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Voters Have a State of the Union Message: No New Spending

Tuesday, January 20, 2015

Voters have a message of their own for President Obama’s State of the Union address tonight: Don’t spend any more money. But fewer than ever plan to follow the speech.

Just 17% of Likely U.S. Voters think the president should focus on new spending programs in his latest State of the Union speech. A new Rasmussen Reports national telephone survey finds that 68% believe the president should focus instead on programs that can be accomplished within current spending levels. Fifteen percent (15%) are undecided. (To see survey question wording, click here.)

The president is expected to call for free community college for millions of Americans, and voters like that idea as long as it doesn’t cost taxpayers anything. Obama is also proposing $320 billion in tax increases on the wealthiest taxpayers to cover the community college plan and other initiatives that he says will benefit lower- and middle-income Americans.

The Republican-dominated Congress is cool to his ideas. But then only 12% of voters think presidents generally accomplish most of what they promise in their State of the Union speeches. Seventy percent (70%) say most of the promises are not fulfilled. Eighteen percent (18%) are not sure.

Just 29% think State of the Union speeches are important in terms of setting the nation's political agenda for the coming year. Sixty-two percent (62%) say they are mostly just for show. Findings for both these questions are unchanged from a year ago.

What has changed is that 64% of voters say they are at least somewhat likely to watch or follow news reports about the president’s latest State of the Union speech. That’s down from 72% last year and a high of 79% in January 2011. The latest finding includes 39% who are Very Likely to watch or follow news reports about the speech. Thirty-three percent (33%) are unlikely to pay attention to the speech, with 16% who say it’s Not At All Likely.

Only 46% are likely to watch or follow news reports about freshman Iowa Senator Joni Ernst’s Republican response to the State of the Union, with 22% who are Very Likely to do so. Fifty percent (50%) are unlikely to follow Ernst’s remarks, including 23% who say it’s Not At All Likely. A high of 62% followed Senator Marco Rubio’s GOP response in January 2013.

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The survey of 800 Likely Voters was conducted on January 17-18, 2015 by Rasmussen Reports. The margin of sampling error is +/- 3.5 percentage points with a 95% level of confidence. Field work for all Rasmussen Reports surveys is conducted by Pulse Opinion Research, LLC. See methodology.

Most voters have said in surveys for years that they think thoughtful spending cuts should be considered in every program of the federal government, but few think it’s likely that government spending will be significantly reduced over the next few years. In fact, 56% think government spending will go up instead during the president’s last two years in office.

This can be explained in part by partisan differences on the spending issue. Eighty-four percent (84%) of Republicans and 69% of voters not affiliated with either major political party think the president should focus tonight’s speech on programs that can be accomplished within current spending levels. Democrats agree but by a much narrower 52% to 33% margin.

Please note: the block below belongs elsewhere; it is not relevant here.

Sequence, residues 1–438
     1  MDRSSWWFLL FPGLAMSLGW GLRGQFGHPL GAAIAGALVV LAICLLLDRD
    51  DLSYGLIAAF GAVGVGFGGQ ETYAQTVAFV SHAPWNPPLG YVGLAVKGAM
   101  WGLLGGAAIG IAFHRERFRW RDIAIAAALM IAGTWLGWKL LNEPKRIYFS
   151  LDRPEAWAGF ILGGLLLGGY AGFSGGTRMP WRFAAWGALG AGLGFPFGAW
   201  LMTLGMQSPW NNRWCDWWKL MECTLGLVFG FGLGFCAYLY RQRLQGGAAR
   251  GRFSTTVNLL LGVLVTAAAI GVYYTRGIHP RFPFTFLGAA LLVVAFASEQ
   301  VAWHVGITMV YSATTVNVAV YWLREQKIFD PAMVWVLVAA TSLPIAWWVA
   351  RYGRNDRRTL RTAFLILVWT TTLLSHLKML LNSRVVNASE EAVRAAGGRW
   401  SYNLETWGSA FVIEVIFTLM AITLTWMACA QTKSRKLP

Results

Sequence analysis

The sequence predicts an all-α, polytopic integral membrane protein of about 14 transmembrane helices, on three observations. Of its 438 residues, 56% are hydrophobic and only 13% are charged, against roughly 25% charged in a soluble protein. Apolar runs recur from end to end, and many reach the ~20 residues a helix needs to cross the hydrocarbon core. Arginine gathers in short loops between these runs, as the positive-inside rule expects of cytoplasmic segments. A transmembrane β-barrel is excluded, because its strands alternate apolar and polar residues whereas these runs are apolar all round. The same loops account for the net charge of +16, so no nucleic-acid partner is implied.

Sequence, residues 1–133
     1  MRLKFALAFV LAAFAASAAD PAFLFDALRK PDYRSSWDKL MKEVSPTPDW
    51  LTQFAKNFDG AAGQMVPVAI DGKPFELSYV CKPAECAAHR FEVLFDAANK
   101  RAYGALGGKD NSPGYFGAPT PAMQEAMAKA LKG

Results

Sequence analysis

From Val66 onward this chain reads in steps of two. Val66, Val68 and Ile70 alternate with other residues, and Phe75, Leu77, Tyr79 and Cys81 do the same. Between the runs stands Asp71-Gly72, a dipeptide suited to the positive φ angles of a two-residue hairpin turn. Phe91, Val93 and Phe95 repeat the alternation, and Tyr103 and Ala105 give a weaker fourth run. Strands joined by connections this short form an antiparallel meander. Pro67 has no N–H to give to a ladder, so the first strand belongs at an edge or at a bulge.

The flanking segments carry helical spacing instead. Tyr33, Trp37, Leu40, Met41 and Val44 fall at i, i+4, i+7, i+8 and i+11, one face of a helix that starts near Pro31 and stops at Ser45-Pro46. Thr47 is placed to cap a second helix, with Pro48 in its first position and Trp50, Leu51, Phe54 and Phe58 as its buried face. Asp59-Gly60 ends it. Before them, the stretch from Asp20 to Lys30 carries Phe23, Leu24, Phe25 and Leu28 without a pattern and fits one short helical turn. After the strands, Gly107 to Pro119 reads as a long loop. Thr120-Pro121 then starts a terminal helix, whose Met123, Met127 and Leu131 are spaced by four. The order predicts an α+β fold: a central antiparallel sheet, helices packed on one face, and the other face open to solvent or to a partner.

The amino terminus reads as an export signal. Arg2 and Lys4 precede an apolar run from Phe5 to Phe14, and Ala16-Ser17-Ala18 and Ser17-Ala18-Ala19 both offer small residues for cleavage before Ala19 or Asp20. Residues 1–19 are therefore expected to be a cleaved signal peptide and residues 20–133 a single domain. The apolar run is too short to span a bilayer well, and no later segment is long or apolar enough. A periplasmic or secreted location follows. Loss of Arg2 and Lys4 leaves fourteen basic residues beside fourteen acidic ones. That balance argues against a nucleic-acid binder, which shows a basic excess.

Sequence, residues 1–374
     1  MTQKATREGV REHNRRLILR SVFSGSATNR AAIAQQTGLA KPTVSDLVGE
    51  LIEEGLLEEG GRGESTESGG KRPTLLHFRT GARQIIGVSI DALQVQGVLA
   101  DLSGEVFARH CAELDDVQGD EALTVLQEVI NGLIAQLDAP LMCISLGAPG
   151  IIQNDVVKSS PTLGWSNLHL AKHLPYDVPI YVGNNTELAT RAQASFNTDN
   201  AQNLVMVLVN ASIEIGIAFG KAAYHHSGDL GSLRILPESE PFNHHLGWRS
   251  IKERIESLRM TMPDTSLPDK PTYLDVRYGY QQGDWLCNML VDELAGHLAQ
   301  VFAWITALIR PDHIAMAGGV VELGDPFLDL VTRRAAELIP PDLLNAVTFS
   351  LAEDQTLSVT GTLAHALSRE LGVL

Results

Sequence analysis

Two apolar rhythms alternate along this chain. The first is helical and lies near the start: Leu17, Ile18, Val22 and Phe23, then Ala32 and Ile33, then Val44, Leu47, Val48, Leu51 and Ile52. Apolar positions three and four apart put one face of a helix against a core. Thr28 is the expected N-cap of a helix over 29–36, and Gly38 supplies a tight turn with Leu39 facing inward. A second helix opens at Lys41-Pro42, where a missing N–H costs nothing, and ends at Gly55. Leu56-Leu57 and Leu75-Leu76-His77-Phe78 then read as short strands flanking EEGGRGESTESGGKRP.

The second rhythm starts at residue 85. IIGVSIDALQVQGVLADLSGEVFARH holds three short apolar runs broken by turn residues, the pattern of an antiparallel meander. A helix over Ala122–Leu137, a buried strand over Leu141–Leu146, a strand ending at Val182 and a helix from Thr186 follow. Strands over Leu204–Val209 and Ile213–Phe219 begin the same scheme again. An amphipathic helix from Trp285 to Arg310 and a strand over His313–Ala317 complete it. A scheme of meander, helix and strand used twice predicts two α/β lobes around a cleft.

Fifty-one percent (51%) of Democrats prefer a more active government with more services and higher taxes to a smaller one with fewer services and lower taxes. Eighty-three percent (83%) of GOP voters and 57% of unaffiliateds want a smaller government instead.

Seventy-seven percent (77%) of Democrats say they are likely to watch or follow news reports about the president’s speech tonight, with 52% who are Very Likely to do so. Just 30% of Republicans and 33% of unaffiliated voters say they are Very Likely to follow the State of the Union.

Thirty-four percent (34%) of Republicans, on the other hand, are Very Likely to watch or follow news reports about Ernst’s response, compared to 16% of Democrats and 18% of unaffiliated voters.

Fifty percent (50%) of voters in Obama’s party think State of the Union speeches set the political agenda for the coming year. Seventy-four percent (74%) of both Republican and unaffiliated voters say they are mostly just for show.

Voters who want the president to focus on new spending programs are much more likely to be tuning into his speech than those who want him to work within existing spending levels.

The president is expected tonight to continue the emphasis on income inequality that he began in his speech a year ago. Seventy-three percent (73%) of voters rate income inequality as a serious problem in this country, with 43% who say it’s a Very Serious one. But 55% believe less government rather than more government involvement in the economy is the better way to close the income gap.

Taxes and spending top the new Congress' to-do list as far as voters are concerned, and 61% think the main thing the government should do to help the economy is cut spending.

Voters are evenly divided when asked whether the president or Congress should take the lead on issues important to the nation. However, most voters still believe the federal government should only do what the president and Congress agree on.

Additional information from this survey and a full demographic breakdown are available to Platinum Members only.

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